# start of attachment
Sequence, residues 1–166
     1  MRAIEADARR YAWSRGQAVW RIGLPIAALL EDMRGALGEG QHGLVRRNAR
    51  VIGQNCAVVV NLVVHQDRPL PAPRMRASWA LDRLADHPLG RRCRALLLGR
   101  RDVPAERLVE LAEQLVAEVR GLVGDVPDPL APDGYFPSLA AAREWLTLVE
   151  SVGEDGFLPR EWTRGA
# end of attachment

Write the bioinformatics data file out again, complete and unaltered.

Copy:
Sequence, residues 1–166
     1  MRAIEADARR YAWSRGQAVW RIGLPIAALL EDMRGALGEG QHGLVRRNAR
    51  VIGQNCAVVV NLVVHQDRPL PAPRMRASWA LDRLADHPLG RRCRALLLGR
   101  RDVPAERLVE LAEQLVAEVR GLVGDVPDPL APDGYFPSLA AAREWLTLVE
   151  SVGEDGFLPR EWTRGA